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Silas Benedict

Reference: 135.8

Born Born 25 Oct 1745 in Danbury, Fairfield, Connecticut
Died Died 3 July 1778 in Wilks-Barre, Lazerne, PA
Married Married Abt. 1776 to Mary (Lydia) Weeks


  • Silas Benedict Jr.? b. June 13, 1777

The Parents of Silas

The Early Years of Silas

Silas and Mary

Mary was born abt. 1761 at Long Island City, Queens, New York, USA. Mary was very young when she married Silas, abt 15 or 16 years old. She lost her husband Silas July 3, 1778 after giving birth to Silas Junior.

The final Years of Silas

Silas Benedict was Slain at the massacre of Wyoming July 3,1778. Another family upon whom the blow fell with great force and severity was that of Mr. Jonathan Weeks. He resided upon a large farm, about a mile below the Borough of Wilks-Barre, with his sons, Philip, Jonathan and Bartholomew. Silas Benedict, a son-in law, (Miner in his History of Wyoming, p. 238, gives an account of the Massacre in which he says Silas Benedict married a granddaughter of Jonathan Weeks), Jabez Beers, an uncle, Josiah Carman, a cousin and a boarder named Robert Bates. These seven men, from a single household, all seized their arms and hurried to the field, and they all fell with their Captain, whose name was McCarrican, a man of letters and teacher of the Hamlet School. Two days after the battle, a party of Indians visited the house of Mr. Weeks and demanded breakfast. Having obtained their demand, they next informed Mr. Weeks that he must quit the valley forthwith. The old man remonstrated, "all my sons have fallen," said he with emotion, "and here I am left with fourteen grandchildren, all young and helpless."*** They allowed him his oxen and wagon, with which he took the sobbing women and their little ones back to the County of Orange, whence they had migrated to Wyoming. (Stones Wyoming, p.273.)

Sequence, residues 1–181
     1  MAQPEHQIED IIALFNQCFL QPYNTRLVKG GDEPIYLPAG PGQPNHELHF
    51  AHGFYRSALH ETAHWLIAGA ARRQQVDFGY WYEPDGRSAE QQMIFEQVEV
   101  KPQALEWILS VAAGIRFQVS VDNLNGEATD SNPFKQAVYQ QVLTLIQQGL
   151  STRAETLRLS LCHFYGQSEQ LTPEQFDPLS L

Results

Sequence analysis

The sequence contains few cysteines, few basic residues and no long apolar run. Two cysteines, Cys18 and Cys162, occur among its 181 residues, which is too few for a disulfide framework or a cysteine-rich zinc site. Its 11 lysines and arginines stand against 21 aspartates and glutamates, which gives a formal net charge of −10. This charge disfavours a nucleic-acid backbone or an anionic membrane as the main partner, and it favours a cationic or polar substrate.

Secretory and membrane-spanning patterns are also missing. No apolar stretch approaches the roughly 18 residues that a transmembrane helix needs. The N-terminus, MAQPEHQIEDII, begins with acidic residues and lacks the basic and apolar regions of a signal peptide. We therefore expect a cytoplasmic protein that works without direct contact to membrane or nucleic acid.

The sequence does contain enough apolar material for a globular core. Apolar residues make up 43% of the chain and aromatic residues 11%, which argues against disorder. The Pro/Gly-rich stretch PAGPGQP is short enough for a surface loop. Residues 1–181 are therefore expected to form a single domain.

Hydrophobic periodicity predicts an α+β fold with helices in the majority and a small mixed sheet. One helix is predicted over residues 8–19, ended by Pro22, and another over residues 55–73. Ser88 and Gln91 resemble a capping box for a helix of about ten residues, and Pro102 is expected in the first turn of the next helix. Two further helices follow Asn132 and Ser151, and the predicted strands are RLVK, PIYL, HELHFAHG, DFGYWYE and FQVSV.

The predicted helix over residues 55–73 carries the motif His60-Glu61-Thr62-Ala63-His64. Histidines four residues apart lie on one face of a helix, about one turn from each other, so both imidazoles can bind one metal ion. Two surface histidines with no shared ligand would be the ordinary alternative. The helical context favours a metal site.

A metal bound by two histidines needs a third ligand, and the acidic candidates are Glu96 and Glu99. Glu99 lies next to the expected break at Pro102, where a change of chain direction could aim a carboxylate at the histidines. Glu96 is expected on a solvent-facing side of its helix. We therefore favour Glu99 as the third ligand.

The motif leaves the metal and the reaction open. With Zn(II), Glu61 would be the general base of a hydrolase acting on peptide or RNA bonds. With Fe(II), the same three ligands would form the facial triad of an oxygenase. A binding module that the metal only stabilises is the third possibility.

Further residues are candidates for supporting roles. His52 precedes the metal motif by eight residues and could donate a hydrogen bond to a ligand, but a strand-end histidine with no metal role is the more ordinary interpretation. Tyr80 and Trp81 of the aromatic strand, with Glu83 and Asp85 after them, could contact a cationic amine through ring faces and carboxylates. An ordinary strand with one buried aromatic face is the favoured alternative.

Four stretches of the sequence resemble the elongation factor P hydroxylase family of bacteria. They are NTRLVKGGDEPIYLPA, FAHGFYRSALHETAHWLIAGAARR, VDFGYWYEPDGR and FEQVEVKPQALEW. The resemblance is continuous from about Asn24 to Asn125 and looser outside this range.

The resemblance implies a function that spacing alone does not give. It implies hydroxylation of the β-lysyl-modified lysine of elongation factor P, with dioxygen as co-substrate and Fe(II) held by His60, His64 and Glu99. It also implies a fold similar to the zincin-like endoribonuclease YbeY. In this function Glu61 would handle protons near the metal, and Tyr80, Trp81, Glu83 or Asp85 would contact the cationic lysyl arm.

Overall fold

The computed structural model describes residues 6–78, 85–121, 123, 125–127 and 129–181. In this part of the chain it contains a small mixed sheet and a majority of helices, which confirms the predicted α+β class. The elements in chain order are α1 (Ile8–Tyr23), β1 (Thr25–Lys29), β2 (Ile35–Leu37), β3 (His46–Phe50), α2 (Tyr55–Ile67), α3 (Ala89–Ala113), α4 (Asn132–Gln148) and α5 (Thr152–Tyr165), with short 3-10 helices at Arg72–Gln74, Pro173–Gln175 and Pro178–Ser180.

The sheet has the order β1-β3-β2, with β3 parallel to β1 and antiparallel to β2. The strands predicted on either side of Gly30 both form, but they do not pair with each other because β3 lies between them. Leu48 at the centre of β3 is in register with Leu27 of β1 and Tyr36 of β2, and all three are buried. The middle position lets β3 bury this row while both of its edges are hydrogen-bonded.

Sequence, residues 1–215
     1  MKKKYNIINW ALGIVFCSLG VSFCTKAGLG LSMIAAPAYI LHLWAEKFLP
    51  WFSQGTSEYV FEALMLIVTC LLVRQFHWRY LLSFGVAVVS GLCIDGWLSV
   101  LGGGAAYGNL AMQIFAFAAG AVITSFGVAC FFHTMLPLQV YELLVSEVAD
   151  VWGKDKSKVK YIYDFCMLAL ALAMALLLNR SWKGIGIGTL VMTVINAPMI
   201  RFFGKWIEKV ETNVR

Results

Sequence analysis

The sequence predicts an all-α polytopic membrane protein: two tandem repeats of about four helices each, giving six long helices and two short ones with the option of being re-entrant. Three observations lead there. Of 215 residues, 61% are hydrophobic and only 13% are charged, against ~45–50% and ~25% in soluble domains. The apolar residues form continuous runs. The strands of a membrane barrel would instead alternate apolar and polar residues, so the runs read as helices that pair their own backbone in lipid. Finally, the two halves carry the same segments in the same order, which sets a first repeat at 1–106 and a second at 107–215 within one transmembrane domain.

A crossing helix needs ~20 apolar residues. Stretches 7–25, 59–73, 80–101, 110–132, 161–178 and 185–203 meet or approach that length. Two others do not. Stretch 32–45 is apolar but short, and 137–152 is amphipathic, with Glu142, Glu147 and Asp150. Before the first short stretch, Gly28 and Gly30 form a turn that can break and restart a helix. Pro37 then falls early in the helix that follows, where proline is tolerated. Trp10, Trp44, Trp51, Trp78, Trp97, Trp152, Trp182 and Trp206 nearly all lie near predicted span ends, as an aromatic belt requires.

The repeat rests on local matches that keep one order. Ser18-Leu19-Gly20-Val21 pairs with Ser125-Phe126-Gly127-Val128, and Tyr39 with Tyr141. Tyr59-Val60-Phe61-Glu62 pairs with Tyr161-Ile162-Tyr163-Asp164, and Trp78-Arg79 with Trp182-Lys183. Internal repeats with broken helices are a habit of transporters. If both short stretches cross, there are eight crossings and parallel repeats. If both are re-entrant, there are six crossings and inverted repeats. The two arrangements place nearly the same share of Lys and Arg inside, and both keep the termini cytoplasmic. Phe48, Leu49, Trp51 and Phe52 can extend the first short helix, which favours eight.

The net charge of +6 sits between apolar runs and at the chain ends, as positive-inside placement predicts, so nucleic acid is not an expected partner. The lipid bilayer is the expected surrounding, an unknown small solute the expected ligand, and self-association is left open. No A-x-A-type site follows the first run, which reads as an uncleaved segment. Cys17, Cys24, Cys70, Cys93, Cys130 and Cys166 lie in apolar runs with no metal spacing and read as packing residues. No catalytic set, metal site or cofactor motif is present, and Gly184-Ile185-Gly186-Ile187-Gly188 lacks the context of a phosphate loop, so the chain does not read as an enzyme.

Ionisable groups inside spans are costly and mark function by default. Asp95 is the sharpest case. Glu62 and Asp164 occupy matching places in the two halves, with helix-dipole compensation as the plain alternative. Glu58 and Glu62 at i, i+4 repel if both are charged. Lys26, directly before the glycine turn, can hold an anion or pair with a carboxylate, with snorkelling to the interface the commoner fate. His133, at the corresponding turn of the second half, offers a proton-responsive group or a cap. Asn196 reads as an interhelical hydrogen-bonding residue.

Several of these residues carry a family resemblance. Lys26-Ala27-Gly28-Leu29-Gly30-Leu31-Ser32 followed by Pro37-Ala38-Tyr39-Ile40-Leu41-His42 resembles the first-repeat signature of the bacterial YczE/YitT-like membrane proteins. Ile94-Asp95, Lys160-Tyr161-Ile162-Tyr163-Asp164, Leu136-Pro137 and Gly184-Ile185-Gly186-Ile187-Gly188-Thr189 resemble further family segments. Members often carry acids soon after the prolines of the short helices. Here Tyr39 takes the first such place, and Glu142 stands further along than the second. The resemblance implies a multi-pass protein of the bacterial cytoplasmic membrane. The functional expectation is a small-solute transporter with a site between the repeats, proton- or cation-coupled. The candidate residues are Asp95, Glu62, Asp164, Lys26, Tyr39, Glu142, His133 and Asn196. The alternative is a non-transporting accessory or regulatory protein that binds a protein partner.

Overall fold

(IF INTERESTED)The Battle of Wyoming 3 Jul 1778 a small band of patriotic Americans led by Col. Zebulon Butler and Col. Nathan Dennison battled a combined British, Tory and Indian force three times their number.

Following the battle, the dead lay unburied on Oct. 22 Lt. John Jenkins and a detail of men gave them a common burial where they fell. In 1833 the mass grave was reopened and bones of 83 men removed and sealed in a vault. In 1860 a sixty-two foot high monument was erected along Route 11 in Wyoming, Luzerne county, PA. (The two above paragraphs, from Decendants of John Lindsay, Rootsweb World Connect Project).



"Genealogy of the Benedicts in America", by Henry M. Benedict; 1st pub. 1870; orig. avail. at Daughters of the American Revolution in Washington, DC.


-- DonaldElliott - 26 Mar 2006 -- DonaldElliott - 05 Feb 2008
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